Nyack, A Hudson River Town, Great Place to Stop For NYS Thruway Travelers

Pamela Schulz, chef/owner of True Food in Nyack (Rockland County, NY) describes her style of cooking as organic home-cooking

True Food’s delicious Deluxe Breakfast Burrito with 2 organic scrambled eggs, cheddar cheese, potatoes, avocado and bacon

The Hudson River town of Nyack is the birthplace of Edward Hopper whose home for the first 28 years of his life is open to visitors

After crossing the new and visually striking Tappan Zee Bridge, officially named the Gov. Mario M. Cuomo Bridge, over the Hudson River, this highway traveler decided to exit the NYS Thruway at the first exit after the bridge, Exit 10 for Nyack in Rockland County. Relying carefully on the highway signing for Nyack, the zigzagging twists and turns to maneuver around the Thruway and exit ramps eventually led to the main street of this historic river town.

What prompted this extra mileage on a trip home to Albany in upstate New York from New York City was the desire to avoid a rest area stop for a hearty and healthy (and organic) breakfast at True Food on Nyack’s Main Street that runs down to the Hudson’s western river bank. True Food’s motto, Serving Real Food, Made by Real People, was a magnet for this traveler.

Breakfast at this organic restaurant proved to be Exhibit 1 in demonstrating True Food’s guiding principle that preparing food is a labor of love and that health, beauty and art can be served on a plate. Its owner/chef Pamela Schulz has described her cooking style, as organic home-cooking, and my Deluxe Breakfast Burrito with two organic eggs, scrambled, Cabot cheddar cheese, organic potatoes, organic avocado and organic bacon was an energizing freshly-prepared meal.

Complimenting the delicious breakfast burrito was a jolt of caffeine from a delicious cup of flavorful coffee made with organic and fair traded coffee beans from Larry’s Coffee. 100% of Larry’s Coffee is fair trade, shade grown, and organic. Plus on its website, Larry’s Coffee notes that its green-o-vated facilities use passive solar construction, active solar systems, radiant floors, zoned heating, composting, and rainwater harvesting to minimize our impact on this awesome planet.

A big wow for True Food’s breakfast burrito and Larry’s Coffee is in order. WOW!

After this quick hop off the NYS Thruway in mid January, a destination trip to Nyack is on the horizon for the spring, with another meal at True Food and a visit to the Edward Hopper House (hours: Weds-Sun 12:00PM-5:00PM), the birthplace of the famous American painter who spent the first 28 years of his life in Nyack. From his bedroom window, the brochure for the historic home notes that a visitor can witness firsthand the views of Nyack and the Hudson River that so inspired the artist: a terrific way, for sure, to spend an afternoon in the NYC metro area. [True Food, 166 Main Street, 845.480.5710, Breakfast, Lunch & Dinner (Eat-In & Carry-Out): Mon-Sat 8:00AM-8:00PM, Sun 8:30AM-8:00PM]

(Frank W. Barrie, 1/19/18)

Smart Chicken’s Industrial Scale Poultry Operations Muddies The Meaning of Organic For Food Co-op Consumers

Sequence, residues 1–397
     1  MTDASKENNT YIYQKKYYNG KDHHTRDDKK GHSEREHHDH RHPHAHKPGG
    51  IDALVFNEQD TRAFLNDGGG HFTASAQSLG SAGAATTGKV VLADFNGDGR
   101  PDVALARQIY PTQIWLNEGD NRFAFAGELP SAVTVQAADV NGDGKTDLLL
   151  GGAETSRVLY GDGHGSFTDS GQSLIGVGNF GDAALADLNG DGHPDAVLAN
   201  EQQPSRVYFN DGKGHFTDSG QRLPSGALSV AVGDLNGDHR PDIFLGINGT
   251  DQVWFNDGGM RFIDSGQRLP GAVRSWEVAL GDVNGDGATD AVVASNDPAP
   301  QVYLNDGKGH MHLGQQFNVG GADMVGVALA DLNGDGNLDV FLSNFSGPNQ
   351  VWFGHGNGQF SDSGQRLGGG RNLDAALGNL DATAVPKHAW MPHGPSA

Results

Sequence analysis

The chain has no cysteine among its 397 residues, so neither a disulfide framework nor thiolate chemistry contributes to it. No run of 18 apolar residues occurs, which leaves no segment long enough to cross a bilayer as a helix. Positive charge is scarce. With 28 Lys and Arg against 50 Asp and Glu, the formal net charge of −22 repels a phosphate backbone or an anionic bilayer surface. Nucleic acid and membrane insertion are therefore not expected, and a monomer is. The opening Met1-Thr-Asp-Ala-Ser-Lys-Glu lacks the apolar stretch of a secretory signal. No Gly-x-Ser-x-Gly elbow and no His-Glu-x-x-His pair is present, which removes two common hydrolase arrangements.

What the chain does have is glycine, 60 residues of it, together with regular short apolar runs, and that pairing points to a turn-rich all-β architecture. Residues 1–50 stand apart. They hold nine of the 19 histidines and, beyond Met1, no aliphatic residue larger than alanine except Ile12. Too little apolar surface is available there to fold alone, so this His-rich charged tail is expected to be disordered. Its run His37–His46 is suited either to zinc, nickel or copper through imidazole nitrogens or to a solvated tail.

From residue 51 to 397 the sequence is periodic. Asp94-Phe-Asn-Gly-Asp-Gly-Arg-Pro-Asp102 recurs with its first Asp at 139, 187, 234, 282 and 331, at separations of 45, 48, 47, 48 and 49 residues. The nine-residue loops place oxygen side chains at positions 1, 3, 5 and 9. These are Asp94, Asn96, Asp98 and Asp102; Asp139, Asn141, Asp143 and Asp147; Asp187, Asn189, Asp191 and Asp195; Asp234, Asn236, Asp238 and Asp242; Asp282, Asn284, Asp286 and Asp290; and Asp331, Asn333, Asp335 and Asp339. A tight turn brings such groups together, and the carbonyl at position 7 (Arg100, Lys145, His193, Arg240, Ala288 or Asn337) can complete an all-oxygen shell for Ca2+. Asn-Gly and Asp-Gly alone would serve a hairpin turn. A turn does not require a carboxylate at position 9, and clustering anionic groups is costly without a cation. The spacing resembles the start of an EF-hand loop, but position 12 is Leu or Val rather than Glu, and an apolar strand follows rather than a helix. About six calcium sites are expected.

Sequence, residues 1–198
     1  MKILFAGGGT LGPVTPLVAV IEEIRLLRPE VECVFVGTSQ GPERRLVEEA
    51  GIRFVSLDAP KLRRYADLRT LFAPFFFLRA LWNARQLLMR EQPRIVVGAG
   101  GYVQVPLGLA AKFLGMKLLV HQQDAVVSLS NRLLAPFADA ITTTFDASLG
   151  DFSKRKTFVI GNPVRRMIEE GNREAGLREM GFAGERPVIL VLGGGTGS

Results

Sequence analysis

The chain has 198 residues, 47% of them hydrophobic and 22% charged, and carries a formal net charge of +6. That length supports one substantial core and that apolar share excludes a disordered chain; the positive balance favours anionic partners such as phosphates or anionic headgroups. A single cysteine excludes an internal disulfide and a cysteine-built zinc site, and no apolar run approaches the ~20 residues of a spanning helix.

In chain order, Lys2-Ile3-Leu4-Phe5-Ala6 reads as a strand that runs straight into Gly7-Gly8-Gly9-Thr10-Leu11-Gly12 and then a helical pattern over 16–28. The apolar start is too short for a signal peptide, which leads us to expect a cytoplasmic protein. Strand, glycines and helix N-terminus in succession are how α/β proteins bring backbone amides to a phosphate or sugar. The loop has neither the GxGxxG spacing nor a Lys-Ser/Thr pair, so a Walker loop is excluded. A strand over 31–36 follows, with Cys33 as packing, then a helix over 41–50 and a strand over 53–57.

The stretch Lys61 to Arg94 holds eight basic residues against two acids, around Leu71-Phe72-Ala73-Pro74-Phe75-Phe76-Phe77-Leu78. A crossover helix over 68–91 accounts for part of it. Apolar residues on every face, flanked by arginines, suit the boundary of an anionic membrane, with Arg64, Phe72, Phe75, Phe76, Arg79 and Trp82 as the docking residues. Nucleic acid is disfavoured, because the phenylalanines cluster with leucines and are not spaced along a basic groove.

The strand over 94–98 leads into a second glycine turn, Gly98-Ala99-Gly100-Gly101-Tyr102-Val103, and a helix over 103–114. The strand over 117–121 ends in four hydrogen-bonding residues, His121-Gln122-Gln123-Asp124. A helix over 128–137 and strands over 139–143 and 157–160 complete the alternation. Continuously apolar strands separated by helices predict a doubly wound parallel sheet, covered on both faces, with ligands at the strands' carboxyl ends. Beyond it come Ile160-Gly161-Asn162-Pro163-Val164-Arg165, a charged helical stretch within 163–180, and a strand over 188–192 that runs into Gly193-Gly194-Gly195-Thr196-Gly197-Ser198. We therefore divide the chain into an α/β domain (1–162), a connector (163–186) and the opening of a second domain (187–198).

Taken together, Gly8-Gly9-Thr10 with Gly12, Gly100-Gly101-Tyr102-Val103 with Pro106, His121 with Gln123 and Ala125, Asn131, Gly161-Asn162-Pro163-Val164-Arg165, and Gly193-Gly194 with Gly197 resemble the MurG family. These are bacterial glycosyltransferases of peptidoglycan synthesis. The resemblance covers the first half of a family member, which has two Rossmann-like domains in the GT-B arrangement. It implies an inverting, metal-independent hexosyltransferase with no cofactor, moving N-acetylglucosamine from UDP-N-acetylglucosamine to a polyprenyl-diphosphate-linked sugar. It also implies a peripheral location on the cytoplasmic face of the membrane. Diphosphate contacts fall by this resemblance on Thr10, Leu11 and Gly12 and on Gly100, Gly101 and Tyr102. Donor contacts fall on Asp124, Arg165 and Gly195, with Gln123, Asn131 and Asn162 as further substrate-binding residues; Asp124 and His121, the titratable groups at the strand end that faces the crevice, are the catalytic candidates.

Signage in the meat department of the Honest Weight Food Co-op in Albany, NY reassures the consumer that all its poultry is raised humanely without antibiotics or hormones and allowed to roam free

Misty Knoll Farm and Freebird Farm, which produce chicken breasts available for purchase at the Honest Weight, included on a sign at the Honest Weight that also shows industrial-scale Smart Chicken as a USDA organic chicken producer

A whole chicken from a family-scale farm like Feather Brook Farm in Fort Plain (Montgomery County, NY) is also available at the Honest Weight

We have long admired and supported the Cornucopia Institute, which advocates for sustainable and organic agriculture. The non-profit organization’s research and investigations on agricultural and food issues provides needed information and guidance to family farmers, consumers and other stakeholders in the good food movement. Backing ecologically produced local, organic and authentic food, the Cornucopia Institute has demonstrated a doggedness in its support for family-scale farming.

Last week we posted a recipe for Spinach and Smoked Chicken Gratin from Tracey Medeiros’s new cookbook,  The Vermont Non-GMO Cookbook, 125 Organic and Farm-to-Fork Recipes from the Green Mountain State (Skyhorse Publishing, New York, NY 2017). The various ingredients, purchased at the Honest Weight Food Co-op in Albany, New York to prepare the tasty dish, were carefully noted including the two Smart Chicken organic chicken breasts.

Coincidentally, a day or two after posting the recipe, we received a press release from the Cornucopia Institute concerning widespread fraudulent activity on factory farms producing organic meat, milk and eggs in 14 different facilities, including Smart Chicken in Tecumseh, Nebraska.

Noting that one picture is worth a thousand words, the Cornucopia Institute also shared a photo gallery of aerial flyovers of Smart Chicken’s facility in Nebraska. And it included a link to its formal complaint against the Certifier who approved the Smart Chicken factory farm operation (consisting of 40 broiler houses with its half million birds) as meeting organic standards. In this instance, the Iowa Department of Agriculture served as the Certifier of Smart Chicken’s status as an organic producer.

This timely information from Cornucopia prompted a follow-up visit to the meat department at the Honest Weight Food Co-op to determine what other organic chicken might have been available for purchase instead of Smart Chicken’s factory farm chicken. A sign in the meat department noted that All of our poultry is raised humanely, without antibiotics or hormones and allowed to roam freely (emphasis added), reassuring if accurate.